"But it took quite some time before I became financially independent and could help my parents. I am so grateful and proud to have reached this point and I couldn’t have done it without the total support of my family.”
Following Zendaya’s Disney success, roles in The Greatest Showman and Spider-Man: Homecoming followed.
Then, in 2019, she made the switch from Disney darling to problem child when she played Rue, a lying, drug-addicted 17-year-old girl in Euphoria – an American drama produced by rapper Drake.
Filming on series two was halted because of Covid-19, but Zendaya returned to work last week.
She is delighted to be back – although she admits the role is her most draining yet rewarding to date.
She said: “Sometimes I found playing Rue was exhausting but also very cathartic and therapeutic because it’s bringing out and purging feelings.
“I’ve grown a lot working on the series because this kind of character forces you to think about so many important issues and feelings you’ve had.
“You can’t hide when you’re living with that kind of role.”
Zendaya, who is thought to be dating her Euphoria co-star Jacob Elordi, admits she is a “very shy, introverted person” and her mum and dad even had to attend classes for the parents of timid children when she was little. So playing the young rebel can sometimes be a huge challenge.
Zendaya said: “There are times where I couldn’t stop crying. I’m thinking particularly of the scene where Rue and her mother are having this big fight.
“I’m a quiet person by nature and I don’t like shouting. In fact I don’t think I have ever screamed at someone in my entire life.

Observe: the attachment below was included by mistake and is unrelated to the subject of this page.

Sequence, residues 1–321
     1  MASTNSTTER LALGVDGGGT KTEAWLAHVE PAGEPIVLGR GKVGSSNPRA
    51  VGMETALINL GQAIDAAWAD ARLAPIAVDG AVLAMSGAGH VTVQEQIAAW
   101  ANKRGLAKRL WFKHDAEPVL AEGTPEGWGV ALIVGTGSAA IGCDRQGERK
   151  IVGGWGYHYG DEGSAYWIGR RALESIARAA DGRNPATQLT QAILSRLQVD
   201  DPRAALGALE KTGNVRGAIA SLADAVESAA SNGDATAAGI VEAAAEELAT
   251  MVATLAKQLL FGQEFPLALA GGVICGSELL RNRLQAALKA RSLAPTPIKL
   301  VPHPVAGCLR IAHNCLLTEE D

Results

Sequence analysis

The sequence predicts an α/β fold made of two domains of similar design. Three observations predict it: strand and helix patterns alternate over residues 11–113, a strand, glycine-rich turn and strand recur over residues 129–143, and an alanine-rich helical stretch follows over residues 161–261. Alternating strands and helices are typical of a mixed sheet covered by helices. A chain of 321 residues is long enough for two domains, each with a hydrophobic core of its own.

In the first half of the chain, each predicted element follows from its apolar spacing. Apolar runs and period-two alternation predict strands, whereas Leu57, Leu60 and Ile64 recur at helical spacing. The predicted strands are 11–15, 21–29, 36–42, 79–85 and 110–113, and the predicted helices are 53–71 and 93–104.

“And when I had to do it in that scene, pushing myself into that darkness both physically and emotionally, it was very upsetting, like something that
crushes your soul.”
Zendaya, who has previously been linked to fellow Disney star Trevor Jackson, American football player Odell Beckham Jr and her Spider-Man co-star Tom Holland, is next due to appear in Dune.
The eagerly awaited science-fiction film – based on Frank Herbert’s cult 1965 novel – is due out in December. As well as being a successful actress, Zendaya is a fully fledged musician.
In her Disney days she released several singles and an album and sang with Zac Efron in The Greatest Showman.
The rising star is something of a fashion icon too. In 2016, she launched her own clothing line and was named in Net-a-Porter’s Best Dressed list two years later. In 2019, she became a Vogue cover star and was also named Lancôme’s newest ambassador, following in the footsteps of Julia Roberts.
Her striking Tom Ford breastplate top also turned heads at the Critics’ Choice Awards in January, with Gwyneth Paltrow, 47, who wore it first, posting on Instagram: “Thank God I can say I have something in common with Zendaya.”
Zendaya’s ultimate goal is to “be like Oprah Winfrey” – the talk show host, actress, producer and media executive who is worth Sh270 billion (£2 billion).
With her current credentials, it seems the multi-talented star is well on her way.